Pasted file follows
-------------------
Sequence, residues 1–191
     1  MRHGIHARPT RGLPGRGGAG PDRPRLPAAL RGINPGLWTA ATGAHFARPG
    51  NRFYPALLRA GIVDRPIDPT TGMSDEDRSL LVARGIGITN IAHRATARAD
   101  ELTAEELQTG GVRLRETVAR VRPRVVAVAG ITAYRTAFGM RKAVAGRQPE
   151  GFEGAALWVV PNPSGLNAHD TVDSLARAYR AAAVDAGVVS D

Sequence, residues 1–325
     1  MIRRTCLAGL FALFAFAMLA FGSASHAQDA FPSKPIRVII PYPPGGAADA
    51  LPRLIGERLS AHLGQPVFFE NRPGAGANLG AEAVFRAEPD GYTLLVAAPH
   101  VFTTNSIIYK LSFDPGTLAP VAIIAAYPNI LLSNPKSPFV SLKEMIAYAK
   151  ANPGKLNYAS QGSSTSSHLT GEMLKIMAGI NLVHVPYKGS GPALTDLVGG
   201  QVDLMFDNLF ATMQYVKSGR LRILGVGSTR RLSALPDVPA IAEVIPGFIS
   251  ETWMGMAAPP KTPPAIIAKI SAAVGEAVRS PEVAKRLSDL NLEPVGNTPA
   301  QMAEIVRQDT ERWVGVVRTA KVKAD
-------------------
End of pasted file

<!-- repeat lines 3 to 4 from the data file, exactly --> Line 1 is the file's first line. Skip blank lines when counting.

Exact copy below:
    51  NRFYPALLRA GIVDRPIDPT TGMSDEDRSL LVARGIGITN IAHRATARAD
   101  ELTAEELQTG GVRLRETVAR VRPRVVAVAG ITAYRTAFGM RKAVAGRQPE